Have You Ever Considered a Water Birth? Here’s What You Need to Know.

Home » Healing » Have You Ever Considered a Water Birth? Here’s What You Need to Know.

“Water is revered in every culture for its life-sustaining and healing properties. Women have been using water in labour and birth for millennia .  Ancient Egyptian petroglyphs depict water births of babies destined to become priests or priestesses.  The oral histories of indigenous peoples on every continent – from New Zealand to Mongolia, Panama to Japan – include stories about women giving birth in the ocean tide pools, in streams and in shallow lakes” (http://www.pomegranate-midwives.com)

Water birth has had the persistent misconception of being something that ‘hippies’ do. But it has a long history and has become an option increasingly requested by mothers across the world. It is also more and more available in hospital settings, and with qualified midwives who can facilitate it at home. In 1992, the UK House of Commons recommended that woman have the option of water birth whenever possible, resulting in nearly half of all maternity hospitals in the UK installing birthing pools.

So what do you need to know?

The Benefits:

1- Think about when you’ve had stomach cramps, aching muscles, or even just a sense of fatigue. Didn’t a hot bath or shower just make you feel better? We spend 9 months in water before we come into the world, and there is something inherently soothing and secure about being surrounded by it in a safe space.

2- Being immersed by water can help give an increased sense of control and comfort. In terms of buoyancy and relative weightlessness, it makes it easier to move and change positions, and to feel physically supported from all sides. Because it reduces tension, being in water can ease the contractions or at least make them easier to cope with. It also leads to lower production of stress hormones, which can reduce anxiety and hypertension, and result in lesser need for pain meds.

3- The overall physical release of tension relaxes the pelvic floor, improves circulation, and helps the cervix open faster, potentially decreasing labour duration. It also means you’re less likely to need forceps or a vacuum and other interventions, and less likely to have a serious tear. Overall, this will usually lead to a gentler experience for the baby as well.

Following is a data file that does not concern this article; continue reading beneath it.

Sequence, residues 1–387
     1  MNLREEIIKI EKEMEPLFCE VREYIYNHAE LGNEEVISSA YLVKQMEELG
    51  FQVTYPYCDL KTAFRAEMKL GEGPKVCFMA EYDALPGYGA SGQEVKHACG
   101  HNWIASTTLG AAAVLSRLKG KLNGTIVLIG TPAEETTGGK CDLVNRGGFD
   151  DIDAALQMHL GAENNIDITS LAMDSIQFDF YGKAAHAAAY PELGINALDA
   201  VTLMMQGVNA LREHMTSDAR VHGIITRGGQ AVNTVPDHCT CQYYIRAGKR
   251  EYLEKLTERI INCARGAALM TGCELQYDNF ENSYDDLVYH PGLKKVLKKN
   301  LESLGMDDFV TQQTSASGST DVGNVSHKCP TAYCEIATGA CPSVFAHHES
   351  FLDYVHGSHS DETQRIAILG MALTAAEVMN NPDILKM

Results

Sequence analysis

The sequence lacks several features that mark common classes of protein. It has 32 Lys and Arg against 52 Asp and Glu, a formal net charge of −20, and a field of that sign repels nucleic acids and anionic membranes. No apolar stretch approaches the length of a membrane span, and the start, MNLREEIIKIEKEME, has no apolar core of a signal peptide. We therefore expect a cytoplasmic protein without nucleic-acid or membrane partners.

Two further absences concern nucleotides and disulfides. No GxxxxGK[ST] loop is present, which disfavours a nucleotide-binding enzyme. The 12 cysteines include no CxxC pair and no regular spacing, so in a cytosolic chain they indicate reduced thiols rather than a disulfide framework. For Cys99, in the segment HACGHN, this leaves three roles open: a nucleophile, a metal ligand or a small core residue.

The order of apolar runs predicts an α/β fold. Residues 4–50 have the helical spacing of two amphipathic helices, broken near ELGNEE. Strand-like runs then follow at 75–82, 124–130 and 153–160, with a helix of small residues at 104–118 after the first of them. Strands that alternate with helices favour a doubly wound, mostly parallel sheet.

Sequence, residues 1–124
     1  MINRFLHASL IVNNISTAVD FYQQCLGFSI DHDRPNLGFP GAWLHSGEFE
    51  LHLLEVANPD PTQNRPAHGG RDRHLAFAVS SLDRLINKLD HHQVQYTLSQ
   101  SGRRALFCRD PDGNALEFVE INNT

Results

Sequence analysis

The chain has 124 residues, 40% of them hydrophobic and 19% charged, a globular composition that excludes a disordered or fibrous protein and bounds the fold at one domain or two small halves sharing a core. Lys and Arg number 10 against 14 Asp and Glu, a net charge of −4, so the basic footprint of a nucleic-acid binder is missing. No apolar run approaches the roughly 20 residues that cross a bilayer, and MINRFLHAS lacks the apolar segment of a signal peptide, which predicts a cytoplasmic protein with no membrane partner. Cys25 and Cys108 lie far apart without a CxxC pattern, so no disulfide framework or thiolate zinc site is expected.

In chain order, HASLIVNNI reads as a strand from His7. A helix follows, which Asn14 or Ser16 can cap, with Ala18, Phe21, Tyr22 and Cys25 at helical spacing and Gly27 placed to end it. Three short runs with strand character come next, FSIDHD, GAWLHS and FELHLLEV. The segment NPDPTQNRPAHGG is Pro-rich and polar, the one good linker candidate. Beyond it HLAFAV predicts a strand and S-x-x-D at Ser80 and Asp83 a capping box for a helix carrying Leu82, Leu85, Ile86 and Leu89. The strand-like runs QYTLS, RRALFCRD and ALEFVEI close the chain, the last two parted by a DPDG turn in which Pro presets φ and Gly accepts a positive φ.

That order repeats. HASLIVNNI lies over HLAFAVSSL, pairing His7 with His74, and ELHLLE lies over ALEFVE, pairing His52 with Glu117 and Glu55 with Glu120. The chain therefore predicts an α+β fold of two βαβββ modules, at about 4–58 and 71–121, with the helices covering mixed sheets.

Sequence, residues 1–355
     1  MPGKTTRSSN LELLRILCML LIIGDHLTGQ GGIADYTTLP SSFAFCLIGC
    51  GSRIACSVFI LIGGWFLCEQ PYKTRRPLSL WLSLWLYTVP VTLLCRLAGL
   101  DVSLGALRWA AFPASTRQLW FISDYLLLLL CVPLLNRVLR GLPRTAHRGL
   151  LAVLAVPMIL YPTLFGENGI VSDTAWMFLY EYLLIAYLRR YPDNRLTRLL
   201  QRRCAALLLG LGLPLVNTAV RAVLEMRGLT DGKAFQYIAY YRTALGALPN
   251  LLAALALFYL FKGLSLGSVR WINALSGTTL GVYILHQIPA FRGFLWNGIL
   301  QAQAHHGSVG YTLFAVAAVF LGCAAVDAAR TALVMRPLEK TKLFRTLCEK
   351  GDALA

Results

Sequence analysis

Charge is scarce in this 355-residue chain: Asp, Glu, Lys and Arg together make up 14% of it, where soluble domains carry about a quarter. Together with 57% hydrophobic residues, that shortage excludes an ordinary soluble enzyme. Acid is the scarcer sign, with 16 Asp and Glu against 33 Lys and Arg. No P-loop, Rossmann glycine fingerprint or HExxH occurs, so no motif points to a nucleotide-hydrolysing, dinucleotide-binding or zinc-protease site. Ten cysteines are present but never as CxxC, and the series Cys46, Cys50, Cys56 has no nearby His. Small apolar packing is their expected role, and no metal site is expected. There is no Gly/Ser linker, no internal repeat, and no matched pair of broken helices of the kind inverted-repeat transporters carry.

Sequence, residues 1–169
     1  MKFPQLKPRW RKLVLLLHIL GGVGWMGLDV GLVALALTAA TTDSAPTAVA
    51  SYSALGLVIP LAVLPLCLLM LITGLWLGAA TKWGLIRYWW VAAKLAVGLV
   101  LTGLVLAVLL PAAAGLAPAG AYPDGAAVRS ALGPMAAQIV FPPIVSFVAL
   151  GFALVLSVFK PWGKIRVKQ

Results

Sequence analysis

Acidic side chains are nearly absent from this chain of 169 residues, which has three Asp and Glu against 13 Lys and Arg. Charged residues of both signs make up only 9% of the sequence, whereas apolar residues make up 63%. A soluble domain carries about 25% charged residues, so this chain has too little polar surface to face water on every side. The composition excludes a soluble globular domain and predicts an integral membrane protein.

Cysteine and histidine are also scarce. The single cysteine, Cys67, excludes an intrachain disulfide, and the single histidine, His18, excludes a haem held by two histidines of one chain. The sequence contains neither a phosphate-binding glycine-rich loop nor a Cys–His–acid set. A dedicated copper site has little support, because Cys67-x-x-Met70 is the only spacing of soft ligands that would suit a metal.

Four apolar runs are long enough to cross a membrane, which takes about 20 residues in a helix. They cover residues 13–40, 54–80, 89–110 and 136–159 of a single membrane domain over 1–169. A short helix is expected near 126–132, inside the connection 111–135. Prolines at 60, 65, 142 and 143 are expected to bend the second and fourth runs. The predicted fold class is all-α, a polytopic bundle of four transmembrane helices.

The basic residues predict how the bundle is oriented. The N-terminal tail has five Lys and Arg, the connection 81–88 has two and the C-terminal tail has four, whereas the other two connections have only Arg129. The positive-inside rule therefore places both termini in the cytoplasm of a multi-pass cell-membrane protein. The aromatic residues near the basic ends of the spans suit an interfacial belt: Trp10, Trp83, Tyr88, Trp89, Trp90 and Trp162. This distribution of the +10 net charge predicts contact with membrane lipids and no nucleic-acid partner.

4- Studies on water birth have shown similar or lower rates of infection in mothers and babies, and similar or better results on the baby’s wellbeing tests post-birth, and similar or lower rates of baby deaths.

5- One of the most favoured things about a water birth is the sense of autonomy, privacy, and intimacy it gives the mother, which stimulates the flow of labour hormones (particularly oxytocin and beta-endorphins which help with the pain). One study found only 24% of mothers undergoing a water birth used pain meds as opposed to 50% of mothers undergoing other birthing methods.

6- Increased popularity of water births means that qualified professionals in various settings are well equipped to accommodate them in a sanitized and reassuring way. if you are assessed as having a low-risk pregnancy, water birth is a safe option for you. Care providers monitor and assess you throughout the birthing process, so if necessary you can shift to a more conventional approach. There are waterproof birth devices including foetal monitors to continuously check on baby and mother’s vital signs.

The Precautions:

1) Whether it is a home water birth, in a hospital, or at a birthing center, there are certain situations and pregnancies that make a water birth inadvisable. You should always be assessed for risk factors well in advance and on the day, and allow your birth plans to adjust accordingly. Your chosen providers need to be experienced and equipped enough to make those decisions.

2) Overall, the precautions for a water birth are the ability to ensure you have a healthy and low-risk pregnancy, be at 37 weeks gestation or later, able to be in a warm bath between 36-37.5 Celsius, be on no strong pain medications, and be prepared to leave the water birth if there are any concerns for your safety or the baby’s.

3) According to Marra Francis, M.D., a gynaecologist in San Antonio, women with the following risk factors should opt out of water birth: “Group B Strep positive cultures, gestational diabetes, preeclampsia, macrosomia, intrauterine growth restriction, prematurity, unproven pelvies”. Always talk to your health-care provider when making the decision!

Overall, a water birth is a personal choice that has to fit with your comfort level, birth plan vision, and the level of care provision and expertise that is available where you live. But it can and has been a profound experience for many women, and we highly recommend considering it if you are planning a family!

 

References:

http://www.pomegranate-midwives.com/resources/birth/waterbirth/

https://www.bellybelly.com.au/birth/water-birth-everything-you-need-to-know/

https://www.parents.com/pregnancy/giving-birth/vaginal/what-is-water-birth/

https://www.parents.com/pregnancy/giving-birth/vaginal/5-myths-about-water-births/

https://www.mamanatural.com/water-birth/

https://www.babycenter.ca/a542015/the-pros-and-cons-of-water-birth

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